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A down payment refers to the money a purchaser must pay upfront when buying a home. Typically, the down payment is a much smaller amount compared to the size of the mortgage. Together, the down payment plus the mortgage represent the total value of the home being acquired. Down payments are usually expressed as a percentage of the property value.


For example, a 15% down payment on a home selling for $500,000 would be $75,000. The mortgage, comprising the balance, would be 85% or $425,000.


In Canada there are rules about how much someone much have as a down payment. The percentage you must put down depends on the purchase price of the home:


For homes less than $500,000, the minimum down payment is 5%


For homes selling for between $500,000 and $1 million, the minimum down payment is 5% of the first $500,000 of the purchase price and then 10% of the purchase price between $500,000 and $1 million


For homes with a purchase price of greater than $1 million, the minimum down payment is 20%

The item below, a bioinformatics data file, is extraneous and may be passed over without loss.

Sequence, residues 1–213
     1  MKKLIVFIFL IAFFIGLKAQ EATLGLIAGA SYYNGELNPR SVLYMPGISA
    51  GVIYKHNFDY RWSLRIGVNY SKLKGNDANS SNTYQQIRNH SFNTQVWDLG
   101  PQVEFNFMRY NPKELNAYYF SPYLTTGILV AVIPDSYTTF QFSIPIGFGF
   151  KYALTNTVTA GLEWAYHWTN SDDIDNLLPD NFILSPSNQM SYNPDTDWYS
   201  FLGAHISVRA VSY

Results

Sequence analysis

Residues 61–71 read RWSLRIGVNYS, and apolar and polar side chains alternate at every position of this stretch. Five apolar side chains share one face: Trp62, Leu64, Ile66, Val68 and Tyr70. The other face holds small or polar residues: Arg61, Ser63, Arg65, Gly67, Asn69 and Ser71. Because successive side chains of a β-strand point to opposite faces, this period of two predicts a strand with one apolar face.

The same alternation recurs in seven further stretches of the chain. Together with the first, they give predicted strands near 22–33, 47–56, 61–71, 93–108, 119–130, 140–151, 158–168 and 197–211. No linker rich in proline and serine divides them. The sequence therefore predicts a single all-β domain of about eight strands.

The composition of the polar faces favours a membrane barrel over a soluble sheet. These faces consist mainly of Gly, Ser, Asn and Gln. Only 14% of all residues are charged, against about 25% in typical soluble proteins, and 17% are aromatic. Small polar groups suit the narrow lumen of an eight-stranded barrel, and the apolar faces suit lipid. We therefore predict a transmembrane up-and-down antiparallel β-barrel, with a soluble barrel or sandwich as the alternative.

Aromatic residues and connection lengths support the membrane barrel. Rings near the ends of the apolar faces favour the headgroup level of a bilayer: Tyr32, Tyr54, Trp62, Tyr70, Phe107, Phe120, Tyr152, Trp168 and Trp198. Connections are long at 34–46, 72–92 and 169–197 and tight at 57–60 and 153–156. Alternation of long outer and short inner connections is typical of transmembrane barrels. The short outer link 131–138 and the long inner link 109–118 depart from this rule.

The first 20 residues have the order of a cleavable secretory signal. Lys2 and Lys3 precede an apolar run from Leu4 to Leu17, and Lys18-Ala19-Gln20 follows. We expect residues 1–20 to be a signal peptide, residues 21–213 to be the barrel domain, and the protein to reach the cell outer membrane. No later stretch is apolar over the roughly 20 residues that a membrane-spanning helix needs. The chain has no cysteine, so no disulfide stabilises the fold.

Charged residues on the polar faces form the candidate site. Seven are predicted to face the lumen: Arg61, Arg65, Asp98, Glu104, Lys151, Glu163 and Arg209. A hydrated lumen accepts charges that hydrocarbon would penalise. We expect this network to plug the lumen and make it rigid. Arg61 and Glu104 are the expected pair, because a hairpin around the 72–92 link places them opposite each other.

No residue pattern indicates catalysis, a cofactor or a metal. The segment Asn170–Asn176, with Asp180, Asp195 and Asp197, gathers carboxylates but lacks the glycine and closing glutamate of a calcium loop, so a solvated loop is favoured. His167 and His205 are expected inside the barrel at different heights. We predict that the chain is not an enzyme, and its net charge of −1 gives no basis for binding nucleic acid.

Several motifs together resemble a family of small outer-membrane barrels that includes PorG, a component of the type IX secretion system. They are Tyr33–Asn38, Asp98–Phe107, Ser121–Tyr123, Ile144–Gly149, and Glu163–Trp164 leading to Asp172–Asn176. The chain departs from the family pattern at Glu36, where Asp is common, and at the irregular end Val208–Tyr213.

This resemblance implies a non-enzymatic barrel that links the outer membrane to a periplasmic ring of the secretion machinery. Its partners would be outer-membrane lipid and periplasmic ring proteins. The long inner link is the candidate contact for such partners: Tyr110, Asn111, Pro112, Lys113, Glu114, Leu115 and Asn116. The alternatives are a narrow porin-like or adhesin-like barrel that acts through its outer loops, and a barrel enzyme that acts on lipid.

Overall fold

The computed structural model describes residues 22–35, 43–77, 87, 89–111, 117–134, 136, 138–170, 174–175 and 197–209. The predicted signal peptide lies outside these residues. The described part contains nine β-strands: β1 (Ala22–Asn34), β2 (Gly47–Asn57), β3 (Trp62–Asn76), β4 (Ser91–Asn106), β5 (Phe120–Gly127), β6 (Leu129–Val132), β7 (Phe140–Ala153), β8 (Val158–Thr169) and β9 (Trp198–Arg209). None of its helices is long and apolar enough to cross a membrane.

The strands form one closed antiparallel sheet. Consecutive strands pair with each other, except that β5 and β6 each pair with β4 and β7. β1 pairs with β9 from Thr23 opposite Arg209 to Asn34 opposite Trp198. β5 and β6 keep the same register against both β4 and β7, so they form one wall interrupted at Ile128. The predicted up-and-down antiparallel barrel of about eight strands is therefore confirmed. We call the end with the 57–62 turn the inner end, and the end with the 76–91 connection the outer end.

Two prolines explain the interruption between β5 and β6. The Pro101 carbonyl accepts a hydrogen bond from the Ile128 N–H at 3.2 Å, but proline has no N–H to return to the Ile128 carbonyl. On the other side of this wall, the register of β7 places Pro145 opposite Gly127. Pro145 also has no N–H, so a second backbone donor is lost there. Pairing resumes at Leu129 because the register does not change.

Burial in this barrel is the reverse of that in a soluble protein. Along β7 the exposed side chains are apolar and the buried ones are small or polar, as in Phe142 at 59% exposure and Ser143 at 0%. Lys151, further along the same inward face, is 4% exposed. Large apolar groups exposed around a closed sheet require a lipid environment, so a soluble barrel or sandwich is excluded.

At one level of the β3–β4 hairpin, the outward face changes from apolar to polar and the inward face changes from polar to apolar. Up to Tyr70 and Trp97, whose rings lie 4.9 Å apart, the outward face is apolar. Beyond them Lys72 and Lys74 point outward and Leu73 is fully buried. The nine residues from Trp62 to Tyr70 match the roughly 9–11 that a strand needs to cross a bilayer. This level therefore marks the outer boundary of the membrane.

The size of your down payment affects the size of your mortgage and whether or not you need CMHC insurance.





In Canada, any purchaser who has a down payment of less than 20% is required to purchase mortgage default insurance, which is also known as CMHC insurance. This protects your lender in the event that you end up defaulting on your mortgage.

The amount you pay declines as your down payment increases.

For down payments of 5% to 9.99%, homebuyers pay a premium rate of 4.0%.

If you have a down payment of 10% to 14.99%, the CMHC insurance is 3.10% of the mortgage amount.


And for down payments of 15% to 19.99%, the CMHC insurance is 2.80%.


CMHC insurance isn’t needed if your down payment is 20% or greater. And it’s not available on homes that cost more than $1 million.

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